Blog – M. Ruth Myers

How America’s Pledge of Allegiance Differed in World War II

The Pledge of Allegiance we recite today is different than the one recited by the characters who populate the Maggie Sullivan mysteries, and by America’s real-life citizens throughout the 1940s. Do you know how it differs? It’s a matter of only two words. Those words, and the change, were drilled into my brain because of […]

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From Dead Horses to a Recap Tire Monopoly: Part 2

Stories of ordinary families are what bring history to life. In this second of two guest posts, retired Dayton, Ohio, police sergeant Stephen C. Grismer tells how his family’s automobile business survived World War II when cars — and tires — were rationed. Steve serves as secretary-treasurer of the Dayton Police Historical Foundation. He has […]

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From Chairs & Dead Horses to a Recap Tire Monopoly

History comes to life through individual stories. This two-part guest post by retired Dayton police sergeant Stephen C. Grismer gives a wonderful view of how one family’s business changed and adapted in the course of more than a century, reflecting life in the community around it. Steve serves as secretary-treasurer of the Dayton Police History […]

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America’s WWII Blackout Cars

by M. Ruth Myers While working on my current Maggie Sullivan mystery, I wanted to make sure when World War II blackouts went into effect in the United States, especially in Dayton, Ohio, where the series takes place. After all, private eyes wouldn’t be private eyes if they didn’t do a great deal of creeping […]

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Music Helps Ohio City Face First Christmas of WWII

Imagine how hard it must have been for American families and communities to maintain any semblance of Christmas spirit in 1941. The Dec. 7 attack on Pearl Harbor had just thrust the previously divided country into World War II. Yet in Dayton, Ohio, two civic events lifted spirits as the city push determinedly on in […]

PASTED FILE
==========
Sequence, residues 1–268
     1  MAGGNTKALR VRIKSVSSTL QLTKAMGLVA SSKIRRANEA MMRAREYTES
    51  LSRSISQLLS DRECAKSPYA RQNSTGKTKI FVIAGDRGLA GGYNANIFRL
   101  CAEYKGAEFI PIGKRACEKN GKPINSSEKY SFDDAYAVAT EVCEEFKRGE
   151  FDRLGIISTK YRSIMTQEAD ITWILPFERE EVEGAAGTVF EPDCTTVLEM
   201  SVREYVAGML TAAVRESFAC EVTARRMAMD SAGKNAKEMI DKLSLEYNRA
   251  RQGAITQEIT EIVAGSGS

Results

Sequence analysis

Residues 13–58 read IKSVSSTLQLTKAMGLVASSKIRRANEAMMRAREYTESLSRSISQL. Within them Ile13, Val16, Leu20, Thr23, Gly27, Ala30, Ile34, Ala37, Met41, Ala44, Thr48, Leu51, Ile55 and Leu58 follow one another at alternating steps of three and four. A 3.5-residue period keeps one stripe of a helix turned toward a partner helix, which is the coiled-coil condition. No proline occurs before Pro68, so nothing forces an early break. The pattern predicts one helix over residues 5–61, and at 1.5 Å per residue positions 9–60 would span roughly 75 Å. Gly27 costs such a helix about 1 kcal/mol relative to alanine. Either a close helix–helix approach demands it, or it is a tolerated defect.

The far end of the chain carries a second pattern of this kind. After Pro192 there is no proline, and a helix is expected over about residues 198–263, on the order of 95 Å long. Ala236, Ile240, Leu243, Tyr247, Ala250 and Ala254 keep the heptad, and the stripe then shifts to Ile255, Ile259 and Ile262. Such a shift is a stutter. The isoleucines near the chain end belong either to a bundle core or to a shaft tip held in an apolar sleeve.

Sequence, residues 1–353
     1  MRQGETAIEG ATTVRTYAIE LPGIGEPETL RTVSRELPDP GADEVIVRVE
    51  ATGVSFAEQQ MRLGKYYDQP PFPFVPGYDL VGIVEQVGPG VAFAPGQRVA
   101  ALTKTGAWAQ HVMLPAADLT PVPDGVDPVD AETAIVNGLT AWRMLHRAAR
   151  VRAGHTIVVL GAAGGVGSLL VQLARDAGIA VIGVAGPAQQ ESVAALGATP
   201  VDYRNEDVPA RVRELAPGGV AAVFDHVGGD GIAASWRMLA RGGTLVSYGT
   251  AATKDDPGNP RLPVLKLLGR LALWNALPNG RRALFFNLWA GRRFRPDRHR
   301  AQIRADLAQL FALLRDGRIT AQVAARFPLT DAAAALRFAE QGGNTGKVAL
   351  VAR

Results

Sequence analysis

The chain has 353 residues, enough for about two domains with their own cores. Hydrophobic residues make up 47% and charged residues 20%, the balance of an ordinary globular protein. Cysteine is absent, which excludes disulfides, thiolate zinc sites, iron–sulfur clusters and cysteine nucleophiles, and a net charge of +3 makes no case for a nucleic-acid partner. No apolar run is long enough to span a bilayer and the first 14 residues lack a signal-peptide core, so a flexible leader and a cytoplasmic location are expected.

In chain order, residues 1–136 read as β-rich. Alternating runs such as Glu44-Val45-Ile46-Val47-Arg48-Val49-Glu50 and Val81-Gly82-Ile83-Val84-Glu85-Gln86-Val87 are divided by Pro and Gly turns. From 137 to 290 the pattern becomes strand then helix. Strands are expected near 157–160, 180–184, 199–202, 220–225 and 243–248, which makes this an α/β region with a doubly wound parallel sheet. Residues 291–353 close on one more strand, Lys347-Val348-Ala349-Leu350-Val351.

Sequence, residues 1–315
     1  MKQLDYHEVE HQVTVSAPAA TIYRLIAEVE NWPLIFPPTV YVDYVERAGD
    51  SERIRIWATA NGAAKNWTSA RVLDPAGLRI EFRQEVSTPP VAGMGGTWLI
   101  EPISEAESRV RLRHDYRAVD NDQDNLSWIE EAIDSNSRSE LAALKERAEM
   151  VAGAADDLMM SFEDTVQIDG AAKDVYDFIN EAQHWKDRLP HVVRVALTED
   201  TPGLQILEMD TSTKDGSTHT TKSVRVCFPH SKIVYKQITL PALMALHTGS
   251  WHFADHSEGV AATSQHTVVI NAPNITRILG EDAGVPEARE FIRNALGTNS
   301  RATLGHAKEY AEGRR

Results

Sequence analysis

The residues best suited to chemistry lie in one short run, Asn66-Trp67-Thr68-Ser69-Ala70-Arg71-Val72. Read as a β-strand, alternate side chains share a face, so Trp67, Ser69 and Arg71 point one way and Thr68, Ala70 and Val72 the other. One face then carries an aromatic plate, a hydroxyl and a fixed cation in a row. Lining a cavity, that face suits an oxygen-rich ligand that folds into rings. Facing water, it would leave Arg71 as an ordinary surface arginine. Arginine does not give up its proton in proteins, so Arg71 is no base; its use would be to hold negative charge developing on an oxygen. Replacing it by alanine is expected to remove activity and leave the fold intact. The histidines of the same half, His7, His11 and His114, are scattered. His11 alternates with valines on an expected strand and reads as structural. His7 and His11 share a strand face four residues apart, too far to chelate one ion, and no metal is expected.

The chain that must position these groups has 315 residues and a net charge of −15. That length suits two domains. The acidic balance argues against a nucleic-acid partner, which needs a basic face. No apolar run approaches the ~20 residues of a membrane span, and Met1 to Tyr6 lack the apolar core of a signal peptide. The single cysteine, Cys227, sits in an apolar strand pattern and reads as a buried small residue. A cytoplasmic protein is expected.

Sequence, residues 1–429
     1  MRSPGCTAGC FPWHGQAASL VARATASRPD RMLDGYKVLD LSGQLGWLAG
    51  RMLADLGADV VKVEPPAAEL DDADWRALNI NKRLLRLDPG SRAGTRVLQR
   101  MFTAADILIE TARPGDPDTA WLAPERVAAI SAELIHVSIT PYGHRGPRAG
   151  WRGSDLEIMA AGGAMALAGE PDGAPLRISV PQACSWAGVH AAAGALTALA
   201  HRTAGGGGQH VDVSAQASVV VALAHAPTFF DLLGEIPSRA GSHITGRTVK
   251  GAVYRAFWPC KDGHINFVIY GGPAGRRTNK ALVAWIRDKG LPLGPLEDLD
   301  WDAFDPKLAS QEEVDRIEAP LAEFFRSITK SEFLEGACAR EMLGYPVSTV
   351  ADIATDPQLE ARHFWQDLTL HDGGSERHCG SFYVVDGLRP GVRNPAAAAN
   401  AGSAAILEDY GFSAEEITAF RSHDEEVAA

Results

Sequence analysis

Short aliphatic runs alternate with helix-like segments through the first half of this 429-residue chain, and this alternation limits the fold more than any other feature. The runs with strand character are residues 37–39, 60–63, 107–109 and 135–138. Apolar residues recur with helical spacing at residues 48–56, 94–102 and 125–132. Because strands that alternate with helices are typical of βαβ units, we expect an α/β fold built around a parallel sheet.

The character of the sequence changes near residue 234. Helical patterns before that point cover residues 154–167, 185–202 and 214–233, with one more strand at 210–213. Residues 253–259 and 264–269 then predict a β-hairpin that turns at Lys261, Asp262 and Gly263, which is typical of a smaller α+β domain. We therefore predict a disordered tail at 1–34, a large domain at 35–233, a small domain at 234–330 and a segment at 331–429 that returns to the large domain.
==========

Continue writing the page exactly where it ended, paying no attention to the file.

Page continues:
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FDR, James M. Cox both influenced 1940s Dayton, Ohio

By M. Ruth Myers Although the Maggie Sullivan mysteries are set in the 1940s, two powerful men often mentioned in them — FDR and newspaperman James M. Cox — had been close acquaintances for more than twenty years. Indeed, they formed the Democratic presidential ticket in 1920. “Governor Cox” as he was referred to in […]

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Pearl Harbor Attack Brings War to an Ohio City – Part II: Immediate Response

by M. Ruth Myers The speed with which the city of Dayton, Ohio, responded to the attack on Pearl Harbor was stunning, especially when contrasted with the slow pace of communications detailed in Part I. The extent to which the city was prepared to step onto a war footing was equally amazing. Police Within hours […]

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Pearl Harbor Attack Brings War to an Ohio City – Part I: Communications

by M. Ruth Myers   Most accounts of the Dec. 7, 1941, attack on Pearl Harbor that plunged America into World War II focus on actions at the distant naval base itself, or give passing mention to the fact that those on the home front heard the news on their radios on a Sunday afternoon. […]

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